Five stops to make in the city by the Bay.

San Francisco is the birthplace of more than one famous paradigm-shifter – hippie counterculture, tech giants, slow food, denim – yet there are still so many things to discover about this city beyond the towers of the Golden Gate Bridge. And while those classic spots are absolutely worth the trip, here are five more novel ones that have earned their stripes as local favorites.


San Francisco is home to a few famous independent bookstores, but Browser Books is worth a closer look. A cozy institution on Fillmore Street, this shop has a knowledgeable staff and a wide selection of both new and used volumes ripe for perusing. And because it's situated in a lively part of downtown, you can easily pop next store for a coffee or some food after taking a trip through the stacks.


There is no food more synonymous with San Francisco than sourdough bread, and Goat Hill managed to find a new use for it: pizza crust. Founded in 1975 in the Potrero Hill section of the city, this spot gets its name from an archival photo of goats roaming the neighborhood in the aftermath of San Francisco's infamous 1906 earthquake. Today, Goat Hill maintains its tightly edited menu of pies with a variety of classic toppings as well as some specialty iterations, like its saltimbocca with chicken, bacon, garlic sauce, sage and lemon.


San Francisco has one of the best art scenes in the US, and it is full of galleries championing emerging and established talent. Founded in 2013 by Ken Harman Hashimoto, Hashimoto Contemporary specializes in conceptual painting, sculpture, and photography and participates in a number of top art fairs throughout the country.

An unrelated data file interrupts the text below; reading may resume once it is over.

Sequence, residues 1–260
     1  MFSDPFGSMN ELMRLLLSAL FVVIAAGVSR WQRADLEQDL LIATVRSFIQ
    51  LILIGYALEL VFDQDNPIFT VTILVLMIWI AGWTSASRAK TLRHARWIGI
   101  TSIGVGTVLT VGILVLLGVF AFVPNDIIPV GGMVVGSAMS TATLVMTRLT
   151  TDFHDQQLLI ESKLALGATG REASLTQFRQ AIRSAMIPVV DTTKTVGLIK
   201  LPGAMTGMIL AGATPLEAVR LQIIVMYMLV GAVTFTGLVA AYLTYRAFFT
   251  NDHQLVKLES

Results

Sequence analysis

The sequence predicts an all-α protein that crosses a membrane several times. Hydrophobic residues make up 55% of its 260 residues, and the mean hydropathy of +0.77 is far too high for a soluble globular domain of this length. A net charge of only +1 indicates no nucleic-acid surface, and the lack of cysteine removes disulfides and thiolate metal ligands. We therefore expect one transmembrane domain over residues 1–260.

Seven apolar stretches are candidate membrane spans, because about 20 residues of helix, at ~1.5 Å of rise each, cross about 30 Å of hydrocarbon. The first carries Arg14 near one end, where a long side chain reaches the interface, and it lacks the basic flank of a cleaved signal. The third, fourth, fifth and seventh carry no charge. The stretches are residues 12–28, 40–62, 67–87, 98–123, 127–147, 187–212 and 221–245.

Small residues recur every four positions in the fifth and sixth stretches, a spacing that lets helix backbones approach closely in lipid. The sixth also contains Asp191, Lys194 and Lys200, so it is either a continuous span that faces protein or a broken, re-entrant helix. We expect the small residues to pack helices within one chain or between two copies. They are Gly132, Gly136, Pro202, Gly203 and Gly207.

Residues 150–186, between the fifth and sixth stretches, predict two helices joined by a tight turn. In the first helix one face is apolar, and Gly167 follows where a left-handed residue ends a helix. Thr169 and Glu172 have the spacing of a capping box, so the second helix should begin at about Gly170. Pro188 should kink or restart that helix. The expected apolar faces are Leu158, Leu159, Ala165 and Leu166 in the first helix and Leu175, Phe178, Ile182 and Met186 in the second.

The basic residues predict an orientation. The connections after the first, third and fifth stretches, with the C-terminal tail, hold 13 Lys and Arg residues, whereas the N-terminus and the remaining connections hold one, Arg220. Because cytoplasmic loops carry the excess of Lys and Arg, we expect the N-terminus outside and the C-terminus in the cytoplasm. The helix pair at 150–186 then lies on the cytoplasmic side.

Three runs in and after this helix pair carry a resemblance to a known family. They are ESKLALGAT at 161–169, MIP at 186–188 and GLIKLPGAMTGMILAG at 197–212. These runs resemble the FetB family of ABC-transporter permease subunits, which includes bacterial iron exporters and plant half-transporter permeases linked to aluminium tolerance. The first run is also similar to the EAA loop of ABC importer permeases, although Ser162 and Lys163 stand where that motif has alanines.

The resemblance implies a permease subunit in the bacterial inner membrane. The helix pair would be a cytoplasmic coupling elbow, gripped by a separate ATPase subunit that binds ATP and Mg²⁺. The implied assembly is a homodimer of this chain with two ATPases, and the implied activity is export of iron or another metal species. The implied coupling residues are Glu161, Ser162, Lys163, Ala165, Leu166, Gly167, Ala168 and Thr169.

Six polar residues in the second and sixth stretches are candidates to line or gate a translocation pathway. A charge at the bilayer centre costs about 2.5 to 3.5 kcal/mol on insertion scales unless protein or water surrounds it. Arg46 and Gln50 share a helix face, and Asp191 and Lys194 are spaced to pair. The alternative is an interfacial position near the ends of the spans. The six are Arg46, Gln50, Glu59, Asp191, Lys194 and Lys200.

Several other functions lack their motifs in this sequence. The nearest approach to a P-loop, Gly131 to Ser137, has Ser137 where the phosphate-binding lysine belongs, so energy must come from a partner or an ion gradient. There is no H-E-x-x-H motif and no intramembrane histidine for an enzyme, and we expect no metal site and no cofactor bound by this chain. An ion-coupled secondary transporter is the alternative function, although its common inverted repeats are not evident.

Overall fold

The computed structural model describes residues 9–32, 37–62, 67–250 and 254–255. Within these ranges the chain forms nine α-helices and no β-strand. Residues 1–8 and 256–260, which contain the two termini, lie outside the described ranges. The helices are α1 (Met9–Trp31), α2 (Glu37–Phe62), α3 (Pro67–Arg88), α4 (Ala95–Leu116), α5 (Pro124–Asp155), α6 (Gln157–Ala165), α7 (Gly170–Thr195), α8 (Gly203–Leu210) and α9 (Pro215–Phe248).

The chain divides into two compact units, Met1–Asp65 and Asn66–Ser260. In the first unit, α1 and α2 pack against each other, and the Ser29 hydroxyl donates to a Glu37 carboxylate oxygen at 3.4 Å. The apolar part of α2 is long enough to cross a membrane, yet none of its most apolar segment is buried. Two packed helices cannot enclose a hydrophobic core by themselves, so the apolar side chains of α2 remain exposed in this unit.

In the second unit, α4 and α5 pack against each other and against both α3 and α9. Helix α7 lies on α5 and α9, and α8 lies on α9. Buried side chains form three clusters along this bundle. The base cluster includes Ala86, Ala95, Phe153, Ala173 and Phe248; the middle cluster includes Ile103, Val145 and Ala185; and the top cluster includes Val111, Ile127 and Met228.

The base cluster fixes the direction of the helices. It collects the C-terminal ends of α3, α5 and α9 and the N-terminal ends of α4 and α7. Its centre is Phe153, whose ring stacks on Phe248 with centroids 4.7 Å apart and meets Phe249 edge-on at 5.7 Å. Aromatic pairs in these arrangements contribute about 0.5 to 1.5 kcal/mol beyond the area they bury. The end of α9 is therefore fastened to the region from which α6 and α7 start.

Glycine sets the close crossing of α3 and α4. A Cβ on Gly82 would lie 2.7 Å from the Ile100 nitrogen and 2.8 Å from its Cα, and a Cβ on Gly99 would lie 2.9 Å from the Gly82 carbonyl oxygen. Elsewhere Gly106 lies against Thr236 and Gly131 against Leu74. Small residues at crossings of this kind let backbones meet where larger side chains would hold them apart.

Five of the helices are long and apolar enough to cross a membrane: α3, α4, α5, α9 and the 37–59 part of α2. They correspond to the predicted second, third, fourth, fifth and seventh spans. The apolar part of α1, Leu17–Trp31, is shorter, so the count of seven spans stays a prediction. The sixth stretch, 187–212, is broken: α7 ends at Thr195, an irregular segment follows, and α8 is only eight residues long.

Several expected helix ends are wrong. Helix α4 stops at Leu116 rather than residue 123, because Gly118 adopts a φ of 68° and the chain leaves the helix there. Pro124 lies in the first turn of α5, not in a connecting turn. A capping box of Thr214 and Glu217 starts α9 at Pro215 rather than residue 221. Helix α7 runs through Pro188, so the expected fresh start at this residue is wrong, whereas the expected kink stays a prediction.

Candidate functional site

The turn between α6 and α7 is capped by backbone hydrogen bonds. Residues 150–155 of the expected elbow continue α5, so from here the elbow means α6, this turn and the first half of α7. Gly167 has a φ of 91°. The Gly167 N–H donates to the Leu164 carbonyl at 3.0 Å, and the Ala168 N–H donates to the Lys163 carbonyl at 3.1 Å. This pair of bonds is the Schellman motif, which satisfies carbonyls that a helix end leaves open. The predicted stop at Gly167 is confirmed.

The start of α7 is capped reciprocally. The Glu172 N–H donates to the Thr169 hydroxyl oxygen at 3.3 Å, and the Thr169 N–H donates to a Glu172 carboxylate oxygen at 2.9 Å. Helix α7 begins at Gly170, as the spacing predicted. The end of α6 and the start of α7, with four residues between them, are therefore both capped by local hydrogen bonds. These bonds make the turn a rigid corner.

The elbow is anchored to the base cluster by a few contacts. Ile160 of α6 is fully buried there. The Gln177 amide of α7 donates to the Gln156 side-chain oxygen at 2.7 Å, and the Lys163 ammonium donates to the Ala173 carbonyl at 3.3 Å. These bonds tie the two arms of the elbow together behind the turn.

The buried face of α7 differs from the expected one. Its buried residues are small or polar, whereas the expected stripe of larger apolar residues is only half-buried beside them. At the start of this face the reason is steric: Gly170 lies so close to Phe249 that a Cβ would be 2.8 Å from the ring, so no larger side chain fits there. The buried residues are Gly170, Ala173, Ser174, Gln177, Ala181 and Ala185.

If you're looking to try great plant-based food, Wildseed is a solid choice, but the hidden gem is the restaurant's drinks menu. We have it on good authority that the aloe vera gin and tonic is especially delicious, though you can't really go wrong with any choice on this bill of fare.


Looking to take a dip? The Sutro Baths were originally built as a series of seven massive saltwater pools (each one a different temperature) by Adolph Sutro in 1894. The oceanfront complex – which covered three full acres – was maintained for years after Sutro's death in 1898 but became impossible to keep up when public interest in the Baths waned during The Great Depression. Demolition began on the site in 1964 before a fire two years later completed the job. Today, the Sutro Bath ruins provide a grand swimming hole and some of the best ocean views San Francisco has to offer.